One of the things that has long bugged me about my own experiences of community and I guess my own shortcomings is about who is in included in community. I mean really. I know the theory of church is of course that ALL are welcome, but are they really welcome?
We’ve been blogging around community over the past week but I’ve always found that we can be a bit warm and fuzzy about who’s included, usually friends, people we get on with, people who make us laugh, people just like us. But what if they’re not like us, what happens then?
The lonely, I’ve found, are often lonely for a reason. Sure, there are those who are lonely because of bereavement or circumstances, in another time or place they wouldn’t be lonely. It isn’t too difficult to make room for and care for such people.
But there are other people who are lonely for entirely different reasons. They’re lonely because they alienate people, the difficult people, the socially inept, the awkward, the uncomfortable people, the people who are emotional black holes and who suck all the life out of you. The person who mistimes every comment, talks too much is confrontational or manipulative, the broken hurting and lonely people of this world. They may well be victims and misfits but Christ loves them all the same. Bringing them into genuine community is a real challenge, more often than not the one thing they need the most is the one thing they’re least equipped to handle.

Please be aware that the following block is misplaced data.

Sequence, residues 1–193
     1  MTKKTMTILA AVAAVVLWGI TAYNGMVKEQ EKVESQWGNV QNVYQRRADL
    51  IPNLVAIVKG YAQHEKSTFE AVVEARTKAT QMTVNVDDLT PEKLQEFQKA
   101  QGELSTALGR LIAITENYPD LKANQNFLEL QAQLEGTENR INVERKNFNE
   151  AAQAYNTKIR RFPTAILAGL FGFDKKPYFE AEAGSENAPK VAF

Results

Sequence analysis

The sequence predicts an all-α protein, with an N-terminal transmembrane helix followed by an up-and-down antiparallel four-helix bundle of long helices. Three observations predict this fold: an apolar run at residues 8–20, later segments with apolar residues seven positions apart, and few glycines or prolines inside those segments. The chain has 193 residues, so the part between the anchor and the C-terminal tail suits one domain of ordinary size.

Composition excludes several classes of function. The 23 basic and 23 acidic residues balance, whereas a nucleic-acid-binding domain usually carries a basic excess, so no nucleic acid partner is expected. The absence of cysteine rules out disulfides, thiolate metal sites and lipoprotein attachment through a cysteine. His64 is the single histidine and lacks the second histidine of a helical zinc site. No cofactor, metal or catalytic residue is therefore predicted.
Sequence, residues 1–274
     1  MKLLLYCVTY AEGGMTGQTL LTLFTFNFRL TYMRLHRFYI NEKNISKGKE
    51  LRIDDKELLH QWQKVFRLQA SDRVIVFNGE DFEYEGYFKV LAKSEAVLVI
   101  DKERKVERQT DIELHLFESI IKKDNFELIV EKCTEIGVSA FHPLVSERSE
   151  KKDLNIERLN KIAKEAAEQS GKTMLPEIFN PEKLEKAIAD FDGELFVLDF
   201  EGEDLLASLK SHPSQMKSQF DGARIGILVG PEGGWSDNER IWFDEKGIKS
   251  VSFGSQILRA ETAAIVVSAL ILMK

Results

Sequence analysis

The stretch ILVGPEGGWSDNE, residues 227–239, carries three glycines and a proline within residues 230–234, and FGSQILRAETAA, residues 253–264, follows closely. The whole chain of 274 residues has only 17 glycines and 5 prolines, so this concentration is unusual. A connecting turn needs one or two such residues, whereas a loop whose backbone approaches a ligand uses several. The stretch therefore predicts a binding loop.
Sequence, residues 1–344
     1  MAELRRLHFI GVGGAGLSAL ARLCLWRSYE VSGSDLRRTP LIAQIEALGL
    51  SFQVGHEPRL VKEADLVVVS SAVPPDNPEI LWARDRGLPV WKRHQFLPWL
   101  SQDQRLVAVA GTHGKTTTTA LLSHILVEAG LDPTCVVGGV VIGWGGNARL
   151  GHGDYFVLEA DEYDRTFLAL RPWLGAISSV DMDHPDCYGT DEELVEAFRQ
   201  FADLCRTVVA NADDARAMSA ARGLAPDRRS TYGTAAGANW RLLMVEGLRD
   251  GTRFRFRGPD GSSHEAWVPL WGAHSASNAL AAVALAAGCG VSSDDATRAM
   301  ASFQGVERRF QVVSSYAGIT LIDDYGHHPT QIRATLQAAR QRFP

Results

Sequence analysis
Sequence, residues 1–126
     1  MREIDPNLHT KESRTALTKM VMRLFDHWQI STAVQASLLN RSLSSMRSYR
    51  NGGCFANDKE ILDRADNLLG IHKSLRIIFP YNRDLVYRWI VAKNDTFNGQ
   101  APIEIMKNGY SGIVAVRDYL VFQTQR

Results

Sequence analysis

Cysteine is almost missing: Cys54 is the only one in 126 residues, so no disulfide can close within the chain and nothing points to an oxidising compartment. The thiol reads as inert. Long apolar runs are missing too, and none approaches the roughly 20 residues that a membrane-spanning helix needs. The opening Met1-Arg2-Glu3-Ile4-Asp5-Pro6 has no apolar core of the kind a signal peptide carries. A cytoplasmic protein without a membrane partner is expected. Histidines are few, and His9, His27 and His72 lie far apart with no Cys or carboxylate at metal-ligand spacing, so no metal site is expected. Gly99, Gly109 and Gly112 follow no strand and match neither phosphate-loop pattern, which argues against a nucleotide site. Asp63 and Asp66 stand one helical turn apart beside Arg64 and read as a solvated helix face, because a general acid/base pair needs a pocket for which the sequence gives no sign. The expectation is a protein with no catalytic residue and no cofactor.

On my own, I think of these people and the mere thought of loving them exhausts me and wears me down, the cost too great, the price too high. Ironically it’s only the resources of a genuine community that has the strength to pull each other as well as the difficult blighters through. Genuine love and acceptance I truly believe is life transforming, for all concerned.
The problem is that we live private lives, fragmented lives and isolated lives and therefore there is precious little room for the lonely.
So who is in your community?